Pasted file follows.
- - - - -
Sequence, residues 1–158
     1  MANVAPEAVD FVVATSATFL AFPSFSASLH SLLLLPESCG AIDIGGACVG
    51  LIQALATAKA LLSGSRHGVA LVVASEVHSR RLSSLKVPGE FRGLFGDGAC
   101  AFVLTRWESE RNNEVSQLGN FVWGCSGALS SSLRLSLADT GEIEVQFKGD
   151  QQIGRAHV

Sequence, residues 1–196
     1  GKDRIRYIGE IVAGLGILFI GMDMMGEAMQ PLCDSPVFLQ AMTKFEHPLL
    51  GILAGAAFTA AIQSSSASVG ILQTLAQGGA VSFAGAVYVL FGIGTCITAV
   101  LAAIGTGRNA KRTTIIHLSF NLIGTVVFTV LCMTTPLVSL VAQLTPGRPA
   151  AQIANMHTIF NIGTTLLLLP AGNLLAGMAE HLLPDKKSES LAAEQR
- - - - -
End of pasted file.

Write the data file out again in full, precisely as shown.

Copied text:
Sequence, residues 1–158
     1  MANVAPEAVD FVVATSATFL AFPSFSASLH SLLLLPESCG AIDIGGACVG
    51  LIQALATAKA LLSGSRHGVA LVVASEVHSR RLSSLKVPGE FRGLFGDGAC
   101  AFVLTRWESE RNNEVSQLGN FVWGCSGALS SSLRLSLADT GEIEVQFKGD
   151  QQIGRAHV

Sequence, residues 1–196
     1  GKDRIRYIGE IVAGLGILFI GMDMMGEAMQ PLCDSPVFLQ AMTKFEHPLL
    51  GILAGAAFTA AIQSSSASVG ILQTLAQGGA VSFAGAVYVL FGIGTCITAV
   101  LAAIGTGRNA KRTTIIHLSF NLIGTVVFTV LCMTTPLVSL VAQLTPGRPA
   151  AQIANMHTIF NIGTTLLLLP AGNLLAGMAE HLLPDKKSES LAAEQR